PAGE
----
At the beginning of the school year, I sat my 16-year-old down at his computer and taught him to use the OneNote program in Microsoft Office to take better notes in class, keep track of assignments, and generally get himself organized so he could stop missing assignments and get better grades.

OneNote is like a digital three-ring binder. Haven't tried it? You can take the preview of the latest version of Office for a spin for free here.

He doesn't bring a laptop to class, but he does bring his smartphone (and some of his teachers are fine with that). But even if a teacher won’t let him bring out his phone in class, he can still jot notes during the day while the assignments and lectures are fresh in his mind. And he can snap photos of the blackboard and notes he jotted on paper and drop those in his OneNote notebooks. (He tends to lose paper.) His smartphone syncs with his computer (read on for more on that) so all the notes he takes on the run are waiting for him on his laptop when he gets home. This is helping him to keep it all together. And his grades are much better since we started this. (Microsoft asked me explain how this all works, in hands-on detail and with screen shots, at the OneNote blog. So check that out if you’d like more detail on how we set this up.)

Today I am going to tell you about the “Evil Mom” part of this plan. (Bwaa haaa haaa!) When we started out on this, I set up his class notebooks – one for each class; just like in a three-ring binder -- by way of showing him how it would all work. Then I “shared” those notebook with him using so he could access them from his phone or computer. But, since I set them up from my computer and my SkyDrive account, I can still access those notebooks myself. (I could have just as easily asked him to share his notebooks with me, though, if he had set them up.)

Why would I want to read his American History notes? I don’t. But here’s what I do want to do: Drop notes into his notebooks about deadlines, missing assignments I see on the school’s parent assist website, and anything else I want to remind him about relative to each of those classes. In fact, I drop a picture of his online progress report in each class every week so he gets frequent status reports on his grades. This way he can’t pretend he is doing fine when he isn't.

Here’s how my routine works.

I’m in my office, working. He’s at school. I see a note in my calendar saying he has a project due in history in a few days. I know he’s about as organized as a 16-year-old boy so, as his mother, I feel the need to remind him of this deadline. Instead of waiting till we are both home to mention it to him, I open his history notebook and make a note right there. I can see he has only sketchy notes on this project. So I can foresee the procrastination-followed-by-last-minute-scrambling that is in his near future even if he can't. So I drop in a copy of the original teacher-issued assignment in there--I’m a super-organized dork and know where to find that--and a few Internet sources I think will be useful. OneNote comes with a handy web clipper so all I have to do is grab a snippet from a website and tell OneNote where to put it. It remembers the source and who put the note there for him. It's a little like sending notes in class. Except I don't have to be in the class to do it.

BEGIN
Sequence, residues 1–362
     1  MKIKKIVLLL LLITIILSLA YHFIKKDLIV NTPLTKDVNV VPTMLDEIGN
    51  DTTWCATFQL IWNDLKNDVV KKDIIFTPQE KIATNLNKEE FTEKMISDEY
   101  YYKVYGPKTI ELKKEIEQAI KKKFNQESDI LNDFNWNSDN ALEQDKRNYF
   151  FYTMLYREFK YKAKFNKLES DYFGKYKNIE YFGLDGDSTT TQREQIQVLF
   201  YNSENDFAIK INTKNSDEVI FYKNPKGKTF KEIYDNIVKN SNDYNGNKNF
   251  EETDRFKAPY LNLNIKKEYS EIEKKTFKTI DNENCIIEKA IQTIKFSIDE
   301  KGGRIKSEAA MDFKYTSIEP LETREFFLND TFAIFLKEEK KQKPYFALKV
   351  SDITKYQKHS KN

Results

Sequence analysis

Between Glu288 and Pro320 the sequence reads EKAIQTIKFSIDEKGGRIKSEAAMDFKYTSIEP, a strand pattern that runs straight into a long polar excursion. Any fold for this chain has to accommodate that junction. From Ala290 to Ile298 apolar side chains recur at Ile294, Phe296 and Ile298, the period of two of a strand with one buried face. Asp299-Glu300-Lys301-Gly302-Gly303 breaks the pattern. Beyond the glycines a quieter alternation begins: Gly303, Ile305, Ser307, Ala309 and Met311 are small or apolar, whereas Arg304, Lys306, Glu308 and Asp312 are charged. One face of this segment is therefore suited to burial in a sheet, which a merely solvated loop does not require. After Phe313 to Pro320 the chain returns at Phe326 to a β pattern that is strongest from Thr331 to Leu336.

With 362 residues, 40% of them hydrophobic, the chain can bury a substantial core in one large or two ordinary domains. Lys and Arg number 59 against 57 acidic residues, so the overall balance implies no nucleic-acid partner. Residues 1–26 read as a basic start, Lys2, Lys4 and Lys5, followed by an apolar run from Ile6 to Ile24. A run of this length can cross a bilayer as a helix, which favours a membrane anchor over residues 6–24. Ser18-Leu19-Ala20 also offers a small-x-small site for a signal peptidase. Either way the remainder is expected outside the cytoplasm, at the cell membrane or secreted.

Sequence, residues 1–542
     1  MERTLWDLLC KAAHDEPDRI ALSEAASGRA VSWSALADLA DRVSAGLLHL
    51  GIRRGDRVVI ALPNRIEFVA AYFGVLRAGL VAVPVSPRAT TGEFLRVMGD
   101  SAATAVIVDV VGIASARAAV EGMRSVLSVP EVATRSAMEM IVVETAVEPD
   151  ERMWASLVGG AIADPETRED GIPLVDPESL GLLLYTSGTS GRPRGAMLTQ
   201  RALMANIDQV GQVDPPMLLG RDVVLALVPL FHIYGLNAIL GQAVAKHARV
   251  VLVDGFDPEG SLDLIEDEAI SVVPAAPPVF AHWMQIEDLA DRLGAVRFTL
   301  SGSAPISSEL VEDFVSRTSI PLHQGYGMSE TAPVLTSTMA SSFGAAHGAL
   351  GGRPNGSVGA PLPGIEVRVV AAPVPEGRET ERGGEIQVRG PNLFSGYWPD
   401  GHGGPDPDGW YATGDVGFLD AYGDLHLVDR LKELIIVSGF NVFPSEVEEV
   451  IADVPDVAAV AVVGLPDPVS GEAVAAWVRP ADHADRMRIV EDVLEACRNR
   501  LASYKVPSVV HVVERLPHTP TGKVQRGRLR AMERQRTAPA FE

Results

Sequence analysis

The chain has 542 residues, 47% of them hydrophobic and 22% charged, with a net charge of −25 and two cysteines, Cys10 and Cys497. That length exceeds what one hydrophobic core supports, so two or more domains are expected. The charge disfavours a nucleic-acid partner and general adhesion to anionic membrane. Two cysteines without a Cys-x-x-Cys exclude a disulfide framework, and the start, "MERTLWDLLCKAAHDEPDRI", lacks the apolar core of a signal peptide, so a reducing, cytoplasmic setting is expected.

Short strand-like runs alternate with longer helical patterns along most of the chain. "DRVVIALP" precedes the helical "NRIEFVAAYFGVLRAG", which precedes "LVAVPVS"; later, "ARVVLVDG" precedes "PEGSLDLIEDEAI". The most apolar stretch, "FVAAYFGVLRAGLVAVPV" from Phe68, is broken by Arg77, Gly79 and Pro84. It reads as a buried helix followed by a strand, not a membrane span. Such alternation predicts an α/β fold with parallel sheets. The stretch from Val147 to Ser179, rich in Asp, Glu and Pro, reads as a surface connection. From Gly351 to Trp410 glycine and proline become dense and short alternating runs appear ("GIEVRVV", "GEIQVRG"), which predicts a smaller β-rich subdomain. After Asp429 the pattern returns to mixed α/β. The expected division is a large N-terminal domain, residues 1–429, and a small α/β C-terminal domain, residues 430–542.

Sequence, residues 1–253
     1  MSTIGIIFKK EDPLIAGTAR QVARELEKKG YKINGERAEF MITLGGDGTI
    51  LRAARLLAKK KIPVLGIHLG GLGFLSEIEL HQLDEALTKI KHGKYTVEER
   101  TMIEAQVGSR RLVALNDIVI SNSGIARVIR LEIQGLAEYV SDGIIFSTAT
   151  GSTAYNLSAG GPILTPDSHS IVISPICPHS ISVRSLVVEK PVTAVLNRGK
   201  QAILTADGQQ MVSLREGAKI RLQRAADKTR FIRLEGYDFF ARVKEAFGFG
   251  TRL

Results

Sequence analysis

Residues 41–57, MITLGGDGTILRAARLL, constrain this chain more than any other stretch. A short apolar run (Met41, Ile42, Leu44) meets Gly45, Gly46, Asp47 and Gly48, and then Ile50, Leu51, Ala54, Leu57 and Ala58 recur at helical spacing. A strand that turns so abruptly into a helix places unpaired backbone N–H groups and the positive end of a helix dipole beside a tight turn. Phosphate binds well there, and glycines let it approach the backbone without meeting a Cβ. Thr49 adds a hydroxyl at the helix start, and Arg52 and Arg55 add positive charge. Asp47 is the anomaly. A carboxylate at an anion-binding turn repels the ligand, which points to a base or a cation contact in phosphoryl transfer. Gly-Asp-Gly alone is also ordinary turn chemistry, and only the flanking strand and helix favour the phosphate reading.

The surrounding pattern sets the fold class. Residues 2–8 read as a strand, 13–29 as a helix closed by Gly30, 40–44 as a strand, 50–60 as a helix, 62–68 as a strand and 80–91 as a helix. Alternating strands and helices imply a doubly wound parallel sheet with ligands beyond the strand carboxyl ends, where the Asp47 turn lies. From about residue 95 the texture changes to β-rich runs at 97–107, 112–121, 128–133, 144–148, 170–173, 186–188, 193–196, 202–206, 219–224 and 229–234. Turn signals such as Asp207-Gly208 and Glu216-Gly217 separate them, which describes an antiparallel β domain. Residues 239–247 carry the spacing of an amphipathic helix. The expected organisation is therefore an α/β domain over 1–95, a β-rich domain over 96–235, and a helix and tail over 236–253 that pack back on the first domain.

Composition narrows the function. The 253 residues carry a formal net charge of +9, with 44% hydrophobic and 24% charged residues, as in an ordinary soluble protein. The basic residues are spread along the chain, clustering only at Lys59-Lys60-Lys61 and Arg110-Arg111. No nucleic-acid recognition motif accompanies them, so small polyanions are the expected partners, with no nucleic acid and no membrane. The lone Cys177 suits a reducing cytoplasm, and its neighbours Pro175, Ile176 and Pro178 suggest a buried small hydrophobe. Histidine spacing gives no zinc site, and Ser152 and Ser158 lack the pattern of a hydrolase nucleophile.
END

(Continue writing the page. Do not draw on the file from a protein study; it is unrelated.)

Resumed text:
Will this make him start on his project sooner? No. But at least he won’t be running around looking for a copy of the assignment when he does get around to starting. And my few notes on sources will hopefully get him past the dreaded blank page and into the actual work. He will still require 16 reminders and threats from me and despite all that will wait till it’s too late to start. But, at the very least, his last minute will be more productive.

Does he mind me poking my nose into his school notebooks? Not so far. He actually seems to appreciate it since it is helping him get to a point where his grades reflect what he knows. I also think he is learning to appreciate the results of organization by seeing its effects. So I'm hoping we are in a training-wheel phase and that by next year, he'll need less prodding. Hopefully by the time he gets to college, he'll be well on his way to being a super-organized dork, too. (Hey, a Mom can dream, right?)

Christina Tynan-Wood writes the Family Tech column for Family Circle, and is the author of “How to Be a Geek Goddess.” You can find her at Follow her on Twitter: @xtinatynanwood.